I was on Twitter last night when the first reports came in that President Obama was going to address the nation regarding a national security issue. It didn’t take long before the news about Osama bin Laden’s death leaked out, and later, the President confirmed it. It was a moment of surprise, relief – and renewed mourning.
Those of us who were directly impacted by September 11, 2001 will always feel a pang of anguish upon remembering the events of that day. I was more fortunate than most. My dad worked at the World Trade Center Marriott in the Engineering department. As it turned out, he had the day off because he had a kidney stone and needed treatment. I was here in Atlanta, and had no idea that he was at the doctor’s office.
That morning, I walked into work, switched on my computer and saw an early news report on Yahoo! that a plane had flown into the World Trade Center. At first I assumed it was a private plane – tragic, of course, but an isolated incident. Before long, it became clear that something far worse had happened. The internet was overloaded and getting any information was difficult. This was before the days of smartphones and social networks. In a panic, I called my parents and only got a fast busy signal. I asked my now-former husband (also from New York) to call them intermittently to see if he could get through. My brother also tried calling.
Someone eventually rolled a TV into the main foyer to show the news broadcast. The second plane had already hit the tower and everything was smoke and fire. I was in shock and terrified at the thought of my dad was there. Then, the moment I will never, ever forget as long as I live. The towers – the beloved icons of my hometown – collapsed. I think I screamed. I thought I was going to throw up. I knew that if my dad was there, he was most certainly dead. I was distraught. My co-workers tried to comfort me and attempted to call my parents on my behalf with no luck.
About an hour later, the office was closed due to security concerns and I took the bus home in a daze. My former husband, brother and I sat on the couch, watching the news in agony. Our attempts to call anyone in New York were futile. Late in the afternoon, my uncle in Texas called saying that he was finally able to get through to my parents and that they were OK. My parents watched the towers fall from outside the doctor’s office on Queens Blvd in Sunnyside and wept.
Two weeks later, I flew up to New York to see my parents. It was a very hard time for them. As a native New Yorker, it was also painful for me to see part of my city destroyed and not be there to comfort, process and grieve. My friends in Atlanta, although certainly shocked and sad, could not really understand what it was like to experience that kind of loss. I think many of them finally did understand this past week after seeing the devastation wrought by the tornadoes that came through Alabama. Many people here either are from or know people who live in the areas that were hit by the tornadoes. The only difference is that September 11 was caused intentionally by people, not randomly by nature. We can accept nature for being capricious and fickle; it’s harder to forgive people for wanting to cause harm to others.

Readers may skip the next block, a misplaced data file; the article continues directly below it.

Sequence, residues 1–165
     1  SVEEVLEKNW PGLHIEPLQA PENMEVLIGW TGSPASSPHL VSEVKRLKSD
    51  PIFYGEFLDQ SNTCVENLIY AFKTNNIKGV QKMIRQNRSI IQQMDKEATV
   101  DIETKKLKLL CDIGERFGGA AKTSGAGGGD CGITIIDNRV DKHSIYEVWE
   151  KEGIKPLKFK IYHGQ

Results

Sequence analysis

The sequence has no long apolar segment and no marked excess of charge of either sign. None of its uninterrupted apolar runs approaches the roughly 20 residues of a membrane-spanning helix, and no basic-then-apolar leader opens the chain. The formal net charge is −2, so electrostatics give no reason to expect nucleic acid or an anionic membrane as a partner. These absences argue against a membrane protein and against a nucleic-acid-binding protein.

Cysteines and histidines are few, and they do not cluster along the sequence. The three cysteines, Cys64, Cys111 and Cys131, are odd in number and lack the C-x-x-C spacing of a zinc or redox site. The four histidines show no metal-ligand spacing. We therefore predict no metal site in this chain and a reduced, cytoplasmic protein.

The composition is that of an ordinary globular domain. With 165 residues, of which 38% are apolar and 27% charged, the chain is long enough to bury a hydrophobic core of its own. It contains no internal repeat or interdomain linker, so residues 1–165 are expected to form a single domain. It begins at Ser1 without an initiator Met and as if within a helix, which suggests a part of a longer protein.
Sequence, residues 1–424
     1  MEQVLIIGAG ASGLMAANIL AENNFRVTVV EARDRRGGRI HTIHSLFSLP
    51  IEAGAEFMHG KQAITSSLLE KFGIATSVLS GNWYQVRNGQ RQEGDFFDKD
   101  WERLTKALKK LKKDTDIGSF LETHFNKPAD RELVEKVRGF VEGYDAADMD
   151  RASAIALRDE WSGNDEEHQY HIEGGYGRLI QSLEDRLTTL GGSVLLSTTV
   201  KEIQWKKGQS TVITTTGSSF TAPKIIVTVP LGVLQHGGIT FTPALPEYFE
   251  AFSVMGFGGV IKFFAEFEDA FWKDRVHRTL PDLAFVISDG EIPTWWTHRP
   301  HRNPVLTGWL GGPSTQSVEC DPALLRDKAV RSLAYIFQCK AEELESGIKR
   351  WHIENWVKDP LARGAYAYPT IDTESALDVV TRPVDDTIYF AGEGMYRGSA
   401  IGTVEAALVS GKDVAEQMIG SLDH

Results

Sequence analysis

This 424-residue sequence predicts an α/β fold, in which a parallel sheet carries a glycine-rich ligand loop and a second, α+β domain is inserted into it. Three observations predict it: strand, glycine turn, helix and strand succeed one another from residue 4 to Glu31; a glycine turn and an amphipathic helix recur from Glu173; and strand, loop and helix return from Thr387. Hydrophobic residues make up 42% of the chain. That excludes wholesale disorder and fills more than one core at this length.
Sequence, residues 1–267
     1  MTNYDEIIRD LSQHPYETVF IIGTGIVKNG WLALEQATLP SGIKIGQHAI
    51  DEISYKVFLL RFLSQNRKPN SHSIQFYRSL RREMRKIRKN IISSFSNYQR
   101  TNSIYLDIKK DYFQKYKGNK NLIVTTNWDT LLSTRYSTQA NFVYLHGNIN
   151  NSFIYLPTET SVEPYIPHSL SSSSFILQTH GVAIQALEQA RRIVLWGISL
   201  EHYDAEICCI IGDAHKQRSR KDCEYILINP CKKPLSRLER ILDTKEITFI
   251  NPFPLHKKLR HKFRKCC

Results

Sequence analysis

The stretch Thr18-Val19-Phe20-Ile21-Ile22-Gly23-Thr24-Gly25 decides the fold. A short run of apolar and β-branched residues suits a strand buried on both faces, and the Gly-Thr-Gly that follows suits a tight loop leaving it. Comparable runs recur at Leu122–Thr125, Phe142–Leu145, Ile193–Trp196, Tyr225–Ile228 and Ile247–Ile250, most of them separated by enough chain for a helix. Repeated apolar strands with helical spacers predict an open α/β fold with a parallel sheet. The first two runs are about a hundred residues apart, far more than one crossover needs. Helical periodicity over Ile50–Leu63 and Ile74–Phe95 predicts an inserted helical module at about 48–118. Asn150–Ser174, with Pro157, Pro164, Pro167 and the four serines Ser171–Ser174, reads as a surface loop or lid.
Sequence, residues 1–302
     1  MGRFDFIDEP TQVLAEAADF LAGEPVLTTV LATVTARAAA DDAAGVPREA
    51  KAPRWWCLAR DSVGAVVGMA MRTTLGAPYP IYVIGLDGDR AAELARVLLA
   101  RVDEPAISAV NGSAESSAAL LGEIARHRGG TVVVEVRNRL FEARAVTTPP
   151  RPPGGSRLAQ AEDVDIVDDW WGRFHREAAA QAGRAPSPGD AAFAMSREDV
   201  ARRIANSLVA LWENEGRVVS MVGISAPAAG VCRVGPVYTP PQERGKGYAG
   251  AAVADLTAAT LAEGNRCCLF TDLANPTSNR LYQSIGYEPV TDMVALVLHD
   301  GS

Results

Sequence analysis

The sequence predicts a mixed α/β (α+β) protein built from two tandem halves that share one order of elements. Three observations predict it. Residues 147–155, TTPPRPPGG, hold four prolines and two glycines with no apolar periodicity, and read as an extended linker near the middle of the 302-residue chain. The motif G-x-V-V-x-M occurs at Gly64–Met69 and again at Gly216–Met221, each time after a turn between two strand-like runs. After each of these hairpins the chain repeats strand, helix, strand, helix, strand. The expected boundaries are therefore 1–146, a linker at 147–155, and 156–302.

As we made the final approach into New York, the pilots did something they have never done before or since – they flew over what is now known as Ground Zero. Two weeks later, the ruins were still smoldering. I looked down on what was left of the World Trade Center site and began sobbing. The man next to me very kindly asked me, “You haven’t seen this yet?” and when I shook my head no, he sat with me in compassionate silence.
For years, flying into New York, the World Trade Center was my welcoming beacon on the final approach. I would see the towers shining in the sun and know that soon I would be headed over Brooklyn and touch down in Queens. It is still never easy flying home and not seeing them there. Manhattan feels incomplete now, and nothing they build now will really replace what was lost. They will simply fill a void.
The name “bin Laden” is burned so deeply into the American psyche as being synonymous with “evil” that most people do not even realize that the bin Laden family has built well-respected and successful businesses. In 2003, I took my first trip to India (on the eve of the Iraq War, I might add) and had a layover in Dubai. Walking down the street, I passed a construction site with a big sign that said “bin Laden Construction.” On one side of the world, the name was synonymous of destruction of skyscrapers; on the other side of the world, the name was busy building skyscrapers.
And now, here we are. Osama bin Laden is dead and all of the memories of September 11 and its aftermath come flowing back. I’m relieved he is gone, because the world needs less hatred in it, but I am not jubilant. I don’t celebrate the loss of any life. I read a quote today that really resonated with me, attributed to Harry Waizer, a September 11 survivor: “I just can’t find it in me to be glad one more person is dead, even if it is Osama bin Laden.” However, I am simply grateful that justice has been done. I hold in my heart the memory of September 11, and send prayers and light to those who lost loved ones or survived the attacks in New York, Washington D.C. or Pennsylvania. May they finally be able to close the door on this painful chapter in our history and begin healing.
(Photo credit: David Paul Ohmer on Flickr. Regrettably, I don’t have any personal photos of the WTC.)
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